“Happy Birthday!” to industrial robotics pioneer Joe Engelberger who turns 90 today, July 26. That also means that robotics as an industry is around 60 years old. Joe Engelberger and Georges Devol formed Unimation, the world’s first robotics company in 1956 and the first Unimate arm was installed in General Motors in 1961, transforming the automotive industry. Today the robotics industry is a multibillion dollar business. While the automotive industry is still the largest piece of the robotics pie, the range of commercial uses for robotics is expanding into many of the service areas Engelberger also pioneered decades ago.
The first Unimate hydraulic arm was installed in General Motor’s Trenton New Jersey plant to do a ‘hot hazardous job’ moving heavy metal pieces to and from the die cast machine. Over the next few years, the other automobile companies like Ford, Chrysler and Japanese manufacturers purchased robots from Unimation. Unimates designed for welding, painting and gluing were in production by 1966.
In 1977, Unimation purchased Victor Scheinman’s company, Vicarm which lead to the development of the PUMA robot or Programmable Universal Machine for Assembly. The VAL software became the industry leader. But by 1981, automobile manufacturers like GM wanted to shift from hydraulics to electric motors, a move Engelberger resisted. GM announced a new partnership with Fanuc, and Unimation was acquired by Westinghouse in 1982 for $107 million. By 1988, the core Unimation team had all moved on to other endeavors and Unimation was sold to Staubli. The first Unimate arm ended up in the Smithsonian, after 100,000 hours of operation, as the world’s first industrial robot.
Starting the industrial robotics industry wasn’t enough for Engelberger though, who moved on to pioneer the service robotics industry. Engelberger formed HelpMate Robotics, initially known as Transitions Research Corp, with the vision of creating mobile robots capable of navigating hospital corridors, delivering meals, pharmaceuticals, patient records and other goods.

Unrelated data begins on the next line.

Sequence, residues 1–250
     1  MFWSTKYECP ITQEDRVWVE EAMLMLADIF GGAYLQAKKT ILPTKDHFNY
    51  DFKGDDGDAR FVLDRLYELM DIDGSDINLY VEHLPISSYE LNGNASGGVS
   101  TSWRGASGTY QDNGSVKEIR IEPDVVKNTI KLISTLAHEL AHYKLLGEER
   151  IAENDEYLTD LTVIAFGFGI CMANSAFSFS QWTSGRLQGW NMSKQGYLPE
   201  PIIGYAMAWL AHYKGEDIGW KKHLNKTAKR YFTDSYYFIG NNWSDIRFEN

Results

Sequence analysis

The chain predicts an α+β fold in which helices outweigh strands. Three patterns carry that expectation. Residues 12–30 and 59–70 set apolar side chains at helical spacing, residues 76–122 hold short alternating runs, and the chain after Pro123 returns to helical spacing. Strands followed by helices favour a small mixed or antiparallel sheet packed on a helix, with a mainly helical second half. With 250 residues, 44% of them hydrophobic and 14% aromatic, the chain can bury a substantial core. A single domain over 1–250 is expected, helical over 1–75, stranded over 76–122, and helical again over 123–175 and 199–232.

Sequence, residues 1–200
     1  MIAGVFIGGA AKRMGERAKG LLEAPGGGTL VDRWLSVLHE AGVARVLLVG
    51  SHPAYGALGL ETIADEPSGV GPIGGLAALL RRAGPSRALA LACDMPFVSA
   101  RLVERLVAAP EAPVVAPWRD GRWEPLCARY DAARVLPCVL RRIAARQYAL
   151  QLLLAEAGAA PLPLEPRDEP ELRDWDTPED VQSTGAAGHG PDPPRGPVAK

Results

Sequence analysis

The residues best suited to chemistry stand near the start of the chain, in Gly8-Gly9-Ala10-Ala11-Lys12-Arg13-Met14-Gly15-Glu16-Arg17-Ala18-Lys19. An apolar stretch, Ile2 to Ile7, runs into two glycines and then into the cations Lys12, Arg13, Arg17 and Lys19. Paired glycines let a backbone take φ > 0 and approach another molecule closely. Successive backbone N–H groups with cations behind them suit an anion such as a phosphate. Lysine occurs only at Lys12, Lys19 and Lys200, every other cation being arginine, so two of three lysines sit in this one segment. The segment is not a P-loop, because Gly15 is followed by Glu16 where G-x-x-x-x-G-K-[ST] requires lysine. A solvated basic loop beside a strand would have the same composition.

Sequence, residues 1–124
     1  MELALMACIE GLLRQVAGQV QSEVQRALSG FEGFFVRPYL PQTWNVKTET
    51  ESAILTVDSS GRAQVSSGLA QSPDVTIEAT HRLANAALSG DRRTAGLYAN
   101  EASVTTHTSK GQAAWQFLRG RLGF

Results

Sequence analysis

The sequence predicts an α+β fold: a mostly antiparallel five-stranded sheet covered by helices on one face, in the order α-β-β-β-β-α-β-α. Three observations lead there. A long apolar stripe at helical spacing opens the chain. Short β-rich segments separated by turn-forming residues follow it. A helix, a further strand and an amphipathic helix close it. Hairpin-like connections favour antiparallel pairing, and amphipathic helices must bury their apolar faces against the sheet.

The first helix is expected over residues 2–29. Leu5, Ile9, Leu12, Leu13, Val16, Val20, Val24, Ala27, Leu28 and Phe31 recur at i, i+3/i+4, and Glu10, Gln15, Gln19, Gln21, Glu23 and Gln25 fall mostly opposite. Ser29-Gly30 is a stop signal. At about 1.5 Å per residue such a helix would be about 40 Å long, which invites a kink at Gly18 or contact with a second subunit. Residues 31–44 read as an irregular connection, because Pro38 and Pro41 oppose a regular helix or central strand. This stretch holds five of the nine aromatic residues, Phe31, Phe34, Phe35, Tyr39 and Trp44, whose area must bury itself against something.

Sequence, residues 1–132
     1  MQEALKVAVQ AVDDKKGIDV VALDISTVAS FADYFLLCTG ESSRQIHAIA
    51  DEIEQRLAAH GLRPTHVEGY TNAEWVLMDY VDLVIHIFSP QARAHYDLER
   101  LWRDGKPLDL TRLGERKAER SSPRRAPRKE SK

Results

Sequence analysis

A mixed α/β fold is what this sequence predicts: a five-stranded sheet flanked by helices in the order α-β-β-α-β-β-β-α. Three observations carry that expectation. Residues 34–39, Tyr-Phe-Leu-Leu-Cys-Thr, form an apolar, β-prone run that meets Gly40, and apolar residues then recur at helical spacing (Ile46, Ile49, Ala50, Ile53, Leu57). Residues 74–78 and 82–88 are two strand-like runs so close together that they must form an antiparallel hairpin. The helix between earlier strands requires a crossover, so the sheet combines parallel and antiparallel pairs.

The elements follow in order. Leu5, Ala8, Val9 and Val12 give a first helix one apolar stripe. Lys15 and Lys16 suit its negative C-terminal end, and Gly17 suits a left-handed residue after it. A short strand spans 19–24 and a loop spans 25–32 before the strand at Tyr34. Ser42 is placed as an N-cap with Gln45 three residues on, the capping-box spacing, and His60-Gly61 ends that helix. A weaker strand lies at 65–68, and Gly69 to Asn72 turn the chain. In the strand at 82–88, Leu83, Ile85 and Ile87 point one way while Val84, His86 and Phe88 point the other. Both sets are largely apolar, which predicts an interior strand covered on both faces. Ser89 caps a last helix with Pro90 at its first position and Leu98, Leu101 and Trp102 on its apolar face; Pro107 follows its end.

In an interview with Bloomberg Business Week in 1997, Engelberger said that he’d like to be remembered as the father of the home robot. “Common sense tells you it’s got to end up a bigger market than factory robots,”
By 1997, when HelpMate was acquired by Cardinal Health, more than 100 service robots were roaming hospital corridors. HelpMate had raised $6 million through an IPO, and had a partnership with Otis Elevators for the distribution of HelpMate robots in Europe. Engelberger received the Japan Prize from the Science and Technology Foundation of Japan for ‘systems engineering for an artifactual environment’.
Engelberger’s next plans were to launch an elder-care robot. Most old folks who enter nursing homes are mentally alert and healthy, Engelberger noted in his 1997 interview with Bloomberg Businessweek. “They just aren’t nimble enough to care for themselves.” All the technology developed for patient care would be useful for elder-care robots. Engelberger believed that adding certain repetitive household jobs, such as loading the dishwasher or microwave oven, would be fairly easy. Others, including meal preparation, might involve special-purpose attachments. And for finding packaged foods, the robot could have a built-in bar-code reader. With the population aging, demand could surge, bringing costs down to something as affordable as a car. [http://www.bloomberg.com/bw/stories/1997-03-02/invasion-of-the-robots]
“We wish our friend Joe Engelberger all the best for his milestone 90th birthday,” said Jeff Burnstein, President of the Robotic Industries Association (RIA). “Joe was instrumental in founding RIA over 40 years ago, bringing together early robotics leaders. We’re very thankful for his pioneering role and honor him every year by presenting the Joseph F. Engelberger award to individuals making outstanding contributions to the field of robotics.” Since the awards inception in 1977, they have been presented to 116
robotics leaders from 17 different nations.
Recent winners of the Engelberger award include Dean Kamen, founder of the FIRST Robotics competition and Rodney Brooks, co-founder of iRobot and current Chairman and CTO of Rethink Robotics. “Joe Engelberger is such a name in robotics,” stated Rodney Brooks after receiving the Engelberger award for Leadership in 2014. “It’s a real honor to win an award in his name. He is a monumental figure in the field of robotics.”
“Joe Engelberger’s invention of the first industrial robot inspired many of us to pursue a career in this amazing field,” stated Arturo Baroncelli, President of the International Federation of Robotics (IFR) and also a past winner of the Engelberger award. “Thanks to his effort and passion for technology, we have a strong robotics industry today.”
In his honor, RIA will soon be launching a special Engelberger tribute site which will be found at www.robotics.org. Silicon Valley Robotics joins the RIA and IFR in wishing Joe Engelberger all the best.